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Vocabulary Word

Word: kindred

Definition: related; belonging to the same group; similar in nature or character; Ex. kindred languages; N: relative; kin; kinship


Sentences Containing 'kindred'

Help for the Bastille prisoner's kindred in La Force!
``There was no touch of pity, sorrow, or kindred humanity, in this answer.
`This young gentleman is blessed, in a peculiar way, with every thing the heart of mortal can most desire, splendid property, noble kindred, and extensive patronage.
Where was the parent which hatched it, its kindred, and its father in the heavens?
I know that most men think differently from myself; but those whose lives are by profession devoted to the study of these or kindred subjects, content me as little as any.
To have gained a prize in the Olympic, Isthmian, or Nemaean games, gave illustration, not only to the person who gained it, but to his whole family and kindred.
To nought that thou needest fear, but to the friendly kindred elements whence thou didst spring.
Consider now the death of a whole kindred and family, as of that of the Pompeys, as that also that useth to be written upon some monuments, HE WAS THE LAST OF HIS OWN KINDRED.
Here again therefore consider the death of a whole kindred.
For the nature of the universe, is the nature the common parent of all, and therefore piously to be observed of all things that are, and that which now is, to whatsoever first was, and gave it its being, hath relation of blood and kindred.
Then secondly, that to those parts that are of the same kind and nature as thou art, thou hast relation of kindred.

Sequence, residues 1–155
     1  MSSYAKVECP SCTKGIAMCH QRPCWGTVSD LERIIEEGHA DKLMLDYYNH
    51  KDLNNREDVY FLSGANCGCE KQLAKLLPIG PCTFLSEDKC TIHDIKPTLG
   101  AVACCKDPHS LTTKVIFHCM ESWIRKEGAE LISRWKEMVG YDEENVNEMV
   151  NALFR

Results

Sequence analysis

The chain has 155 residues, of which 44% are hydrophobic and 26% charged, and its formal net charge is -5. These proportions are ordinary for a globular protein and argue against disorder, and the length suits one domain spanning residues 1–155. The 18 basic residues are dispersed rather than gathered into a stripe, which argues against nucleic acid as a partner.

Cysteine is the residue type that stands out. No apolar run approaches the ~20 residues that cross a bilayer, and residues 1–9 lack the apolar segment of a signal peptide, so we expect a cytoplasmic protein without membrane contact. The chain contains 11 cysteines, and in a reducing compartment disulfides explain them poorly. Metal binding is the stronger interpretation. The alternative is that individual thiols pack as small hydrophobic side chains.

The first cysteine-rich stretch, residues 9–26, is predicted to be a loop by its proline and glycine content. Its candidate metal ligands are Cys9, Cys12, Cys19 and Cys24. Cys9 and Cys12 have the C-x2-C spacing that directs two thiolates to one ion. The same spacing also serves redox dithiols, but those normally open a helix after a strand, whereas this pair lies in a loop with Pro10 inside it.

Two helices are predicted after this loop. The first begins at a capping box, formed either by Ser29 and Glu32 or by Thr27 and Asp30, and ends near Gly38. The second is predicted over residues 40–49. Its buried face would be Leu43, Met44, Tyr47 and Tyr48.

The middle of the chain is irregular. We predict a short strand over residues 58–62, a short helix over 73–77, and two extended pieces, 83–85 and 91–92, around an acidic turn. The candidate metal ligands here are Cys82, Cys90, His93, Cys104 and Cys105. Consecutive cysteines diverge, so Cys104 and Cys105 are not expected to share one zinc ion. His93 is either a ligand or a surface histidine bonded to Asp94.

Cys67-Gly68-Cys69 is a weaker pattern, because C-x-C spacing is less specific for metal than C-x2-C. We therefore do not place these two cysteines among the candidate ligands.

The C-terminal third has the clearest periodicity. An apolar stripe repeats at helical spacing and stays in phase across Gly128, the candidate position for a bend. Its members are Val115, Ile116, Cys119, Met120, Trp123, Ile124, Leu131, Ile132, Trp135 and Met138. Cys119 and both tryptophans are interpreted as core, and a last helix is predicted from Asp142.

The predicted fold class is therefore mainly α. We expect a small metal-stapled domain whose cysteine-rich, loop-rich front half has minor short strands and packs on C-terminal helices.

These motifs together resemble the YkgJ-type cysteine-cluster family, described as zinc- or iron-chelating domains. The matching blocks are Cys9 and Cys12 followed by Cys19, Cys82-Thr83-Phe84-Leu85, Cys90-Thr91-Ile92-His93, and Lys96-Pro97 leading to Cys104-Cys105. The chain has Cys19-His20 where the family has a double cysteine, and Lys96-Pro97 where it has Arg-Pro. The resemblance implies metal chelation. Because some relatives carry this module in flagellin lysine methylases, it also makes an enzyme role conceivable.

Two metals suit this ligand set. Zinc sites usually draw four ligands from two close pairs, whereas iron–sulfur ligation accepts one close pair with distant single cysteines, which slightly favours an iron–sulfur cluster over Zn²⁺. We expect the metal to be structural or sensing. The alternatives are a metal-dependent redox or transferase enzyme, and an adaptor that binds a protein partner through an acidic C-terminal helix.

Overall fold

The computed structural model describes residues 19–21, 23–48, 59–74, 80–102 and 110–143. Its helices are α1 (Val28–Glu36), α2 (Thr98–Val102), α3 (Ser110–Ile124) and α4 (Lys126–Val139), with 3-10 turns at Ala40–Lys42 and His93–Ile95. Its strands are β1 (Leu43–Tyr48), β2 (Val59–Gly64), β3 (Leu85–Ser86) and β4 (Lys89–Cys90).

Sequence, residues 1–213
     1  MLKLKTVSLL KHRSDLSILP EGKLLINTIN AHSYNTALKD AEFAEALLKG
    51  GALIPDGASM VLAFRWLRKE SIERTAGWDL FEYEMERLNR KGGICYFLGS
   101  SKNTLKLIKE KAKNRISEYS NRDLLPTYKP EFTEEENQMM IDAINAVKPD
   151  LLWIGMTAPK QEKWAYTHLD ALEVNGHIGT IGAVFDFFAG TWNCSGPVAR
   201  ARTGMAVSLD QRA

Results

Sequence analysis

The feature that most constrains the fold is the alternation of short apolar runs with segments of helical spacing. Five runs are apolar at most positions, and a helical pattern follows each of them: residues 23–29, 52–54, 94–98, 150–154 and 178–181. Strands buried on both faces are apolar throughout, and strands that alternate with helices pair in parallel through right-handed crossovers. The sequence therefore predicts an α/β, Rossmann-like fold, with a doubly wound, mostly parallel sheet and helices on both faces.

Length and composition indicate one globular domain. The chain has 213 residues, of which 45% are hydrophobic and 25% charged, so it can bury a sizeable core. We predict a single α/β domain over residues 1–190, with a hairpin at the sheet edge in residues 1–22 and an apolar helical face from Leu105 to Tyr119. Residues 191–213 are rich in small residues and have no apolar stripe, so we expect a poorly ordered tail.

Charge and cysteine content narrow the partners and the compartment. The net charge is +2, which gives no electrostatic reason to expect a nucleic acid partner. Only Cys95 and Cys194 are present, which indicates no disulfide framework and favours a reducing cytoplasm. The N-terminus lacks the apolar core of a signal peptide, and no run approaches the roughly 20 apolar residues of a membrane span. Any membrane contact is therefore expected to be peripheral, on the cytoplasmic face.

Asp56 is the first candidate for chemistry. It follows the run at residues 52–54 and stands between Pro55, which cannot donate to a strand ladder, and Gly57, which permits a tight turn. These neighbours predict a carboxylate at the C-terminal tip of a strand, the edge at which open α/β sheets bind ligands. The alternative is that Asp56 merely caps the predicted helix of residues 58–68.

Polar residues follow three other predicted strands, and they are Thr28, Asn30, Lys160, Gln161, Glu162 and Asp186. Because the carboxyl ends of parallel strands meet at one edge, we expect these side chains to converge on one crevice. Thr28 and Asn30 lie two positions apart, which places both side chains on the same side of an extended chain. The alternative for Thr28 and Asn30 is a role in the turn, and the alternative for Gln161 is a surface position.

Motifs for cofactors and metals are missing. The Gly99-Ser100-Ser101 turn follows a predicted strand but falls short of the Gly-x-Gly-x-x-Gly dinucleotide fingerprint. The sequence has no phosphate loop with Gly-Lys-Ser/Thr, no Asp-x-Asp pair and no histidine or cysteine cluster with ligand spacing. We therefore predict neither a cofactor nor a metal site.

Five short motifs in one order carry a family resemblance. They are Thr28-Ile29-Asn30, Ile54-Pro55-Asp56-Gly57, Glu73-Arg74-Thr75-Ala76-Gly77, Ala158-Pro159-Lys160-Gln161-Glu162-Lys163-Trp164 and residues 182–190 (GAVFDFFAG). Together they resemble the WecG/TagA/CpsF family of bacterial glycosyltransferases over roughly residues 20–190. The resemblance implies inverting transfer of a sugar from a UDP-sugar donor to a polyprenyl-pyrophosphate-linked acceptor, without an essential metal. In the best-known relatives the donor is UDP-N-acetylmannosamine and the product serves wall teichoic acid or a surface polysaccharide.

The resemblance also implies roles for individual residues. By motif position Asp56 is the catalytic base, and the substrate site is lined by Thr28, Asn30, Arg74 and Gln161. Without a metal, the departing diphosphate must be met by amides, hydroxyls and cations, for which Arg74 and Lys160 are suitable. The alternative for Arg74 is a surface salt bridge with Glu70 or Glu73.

And as I have relation of kindred to those parts that are of the same kind and nature that I am, so I shall be careful to do nothing that is prejudicial to the community, but in all my deliberations shall they that are of my kind ever be; and the common good, that, which all my intentions and resolutions shall drive unto, as that which is contrary unto it, I shall by all means endeavour to prevent and avoid.
When thou art grieved at anything, hast thou forgotten that all things happen according to the nature of the universe; and that him only it concerns, who is in fault; and moreover, that what is now done, is that which from ever hath been done in the world, and will ever be done, and is now done everywhere: how nearly all men are allied one to another by a kindred not of blood, nor of seed, but of the same mind.
Consequently, each new variety or species, during the progress of its formation, will generally press hardest on its nearest kindred, and tend to exterminate them.
As it is difficult to show the blood-relationship between the numerous kindred of any ancient and noble family, even by the aid of a genealogical tree, and almost impossible to do so without this aid, we can understand the extraordinary difficulty which naturalists have experienced in describing, without the aid of a diagram, the various affinities which they perceive between the many living and extinct members of the same great natural class.
Shakespeare himself most likely knew the book; he may have carried it home with him in his saddle-bags to Stratford on one of his last journeys, and under the mulberry tree at New Place joined hands with a kindred genius in its pages.